Though the truckway was level alongside the harbor, as it turned inland it went up a curved one per cent grade that increased to two per cent as it neared Dalkey. Even one per cent was considered too steep for early locomotives, but in 1840 James Pim, treasurer of the D&KR, was inspired by a half-mile demonstration of an atmospheric railway that he saw in London, which ran up a one per cent grade without difficulty, and was said to be capable of much steeper grades because it did not rely on traction between the smooth surfaces of wheels and rails. The inventors behind it were Samuel Clegg, an expert in gas pipes, and the ship builder brothers Jacob and Joseph D'Aguilar Samuda. Clegg soon left the enterprise, but the Samuda brothers, eager to see the invention put into practical use, offered to make their patents and expertise available to the D&KR at no charge. Work on the atmospheric railway began in September 1842, with Vignoles as company engineer.

The atmospheric railway was built as a single track of standard gauge (4 feet 8½ inches) running in open cut all the way except at the upper end where it rose to the surface. The cut not only avoided dealing with the obstacle that the tube posed to level crossings, but because of it and no need for compulsory purchase of land, the railway could proceed without Parliamentary permission. Still, public roads must have been affected by construction where bridges were built for them to cross over the cut. Some cost saving was achieved by making the cut no larger than necessary, just 12 feet wide and with a clearance of only 8½ feet under the bridges.

The Ordnance Survey map below shows the arrangements at Kingstown during the atmospheric period. The atmospheric track branched off north of the D&KR station. It had its own platform located next to the main station, and then went off into its own route. Passengers had to change trains at Kingstown.

Kingstown map
— Ordnance Survey, 1843. CC BY-NC-SA 4.0. Annotations by Joseph Brennan.

Atmospheric operation on the 1.75 mile "Kingstown and Dalkey Railway" was tested in August 1843 with trains running down only as far as the bridge at Sandycove, because the difficult work near Kingstown was not yet completed. Scheduled atmospheric service from Kingstown to Dalkey, with no other stations, began on 29 March 1844. The pipe was of 15 inch diameter cast in sections ten feet long, the usual standard of the Samuda design. The linear valve was a series of leather flaps attached to one side of the slot with a series of iron covers over them to reduce exposure to weather. The train was pulled up atmospherically, but it went back down by gravity, controlled by brakes. Trains varied in length based on demand, with unneeded cars stored on the track north of the platform at Kingstown. The practical limit of the atmospheric pipe proved to be nine loaded cars, seventy tons, a weight at which the train barely made it up the final grade into Dalkey station.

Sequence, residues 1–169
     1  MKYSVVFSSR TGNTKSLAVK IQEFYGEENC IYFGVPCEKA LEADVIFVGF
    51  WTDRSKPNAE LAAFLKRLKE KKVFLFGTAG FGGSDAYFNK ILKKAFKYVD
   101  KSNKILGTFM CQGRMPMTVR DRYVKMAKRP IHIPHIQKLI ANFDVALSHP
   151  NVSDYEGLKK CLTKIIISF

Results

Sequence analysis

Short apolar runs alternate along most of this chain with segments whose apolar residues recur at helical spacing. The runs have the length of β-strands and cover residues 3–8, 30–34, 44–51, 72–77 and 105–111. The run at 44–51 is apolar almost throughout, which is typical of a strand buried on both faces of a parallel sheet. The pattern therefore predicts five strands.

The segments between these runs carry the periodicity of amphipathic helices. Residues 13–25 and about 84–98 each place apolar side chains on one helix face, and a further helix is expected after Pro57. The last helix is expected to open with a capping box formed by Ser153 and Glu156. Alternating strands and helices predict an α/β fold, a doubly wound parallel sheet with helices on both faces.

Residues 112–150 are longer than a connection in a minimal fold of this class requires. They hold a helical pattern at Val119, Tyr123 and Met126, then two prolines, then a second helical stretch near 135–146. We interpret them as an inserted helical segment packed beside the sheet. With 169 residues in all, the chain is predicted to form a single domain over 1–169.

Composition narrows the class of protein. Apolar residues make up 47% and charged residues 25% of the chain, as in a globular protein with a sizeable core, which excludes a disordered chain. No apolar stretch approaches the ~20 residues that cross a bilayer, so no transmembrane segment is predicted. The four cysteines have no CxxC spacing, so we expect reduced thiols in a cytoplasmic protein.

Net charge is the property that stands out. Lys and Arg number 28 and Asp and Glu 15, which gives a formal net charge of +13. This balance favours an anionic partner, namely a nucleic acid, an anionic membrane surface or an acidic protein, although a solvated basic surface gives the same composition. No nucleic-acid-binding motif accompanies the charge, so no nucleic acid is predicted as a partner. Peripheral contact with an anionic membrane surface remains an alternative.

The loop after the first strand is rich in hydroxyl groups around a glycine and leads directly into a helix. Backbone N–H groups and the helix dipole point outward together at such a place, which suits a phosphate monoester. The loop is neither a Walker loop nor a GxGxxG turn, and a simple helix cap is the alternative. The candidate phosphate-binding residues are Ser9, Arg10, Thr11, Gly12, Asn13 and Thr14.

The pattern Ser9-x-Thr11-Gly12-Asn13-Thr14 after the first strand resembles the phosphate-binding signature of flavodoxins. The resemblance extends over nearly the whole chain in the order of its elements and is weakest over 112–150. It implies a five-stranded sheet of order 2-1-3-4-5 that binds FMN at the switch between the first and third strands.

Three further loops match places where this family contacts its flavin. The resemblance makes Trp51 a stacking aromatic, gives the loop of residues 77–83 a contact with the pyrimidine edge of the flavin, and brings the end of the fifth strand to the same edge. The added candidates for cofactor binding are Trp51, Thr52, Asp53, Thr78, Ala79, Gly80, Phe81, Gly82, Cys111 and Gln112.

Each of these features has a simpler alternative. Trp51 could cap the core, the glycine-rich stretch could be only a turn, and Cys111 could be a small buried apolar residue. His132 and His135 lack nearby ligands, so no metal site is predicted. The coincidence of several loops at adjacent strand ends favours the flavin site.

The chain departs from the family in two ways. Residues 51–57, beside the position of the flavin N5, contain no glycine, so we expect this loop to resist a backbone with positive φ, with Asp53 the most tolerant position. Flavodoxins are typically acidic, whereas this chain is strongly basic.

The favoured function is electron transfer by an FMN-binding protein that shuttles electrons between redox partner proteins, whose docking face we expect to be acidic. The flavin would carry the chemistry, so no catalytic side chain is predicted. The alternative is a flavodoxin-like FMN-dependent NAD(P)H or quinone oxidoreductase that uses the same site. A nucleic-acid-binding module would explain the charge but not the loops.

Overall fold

In 1899 an old man recalled riding on the Dalkey line as a boy. There was no telegraph between the terminals, so the engine was always started up on the timetable with no knowledge whether the train at Kingstown was ready. People at Kingstown could tell when the engine had started by the whoosh of air being sucked into the end of the pipe. When the brakes were released the train rolled forward down a slight grade, sometimes assisted with a human push, and once the piston went into the pipe the train probably could not stop. A man in the engine house at Dalkey would go up the tower and look for the train coming, and when he saw it he would shout to the engineer to shut off steam. The train was expected to shoot out of the tube and glide up into the station by momentum. On some occasions power was shut off too soon, and young men among the passengers were asked to assist in pushing the train the rest of the way, no doubt impressing ladies on board. On two occasions the old man knew of, the train ran in too fast and went right through the station. On the trip back to Kingstown, gravity on the one per cent grade was sometimes not enough to overcome gusts of wind in the cut, and the train would stall waiting for the wind to subside. The trip down was always slower than the powered trip up. (This account is in Howard Clayton's book.)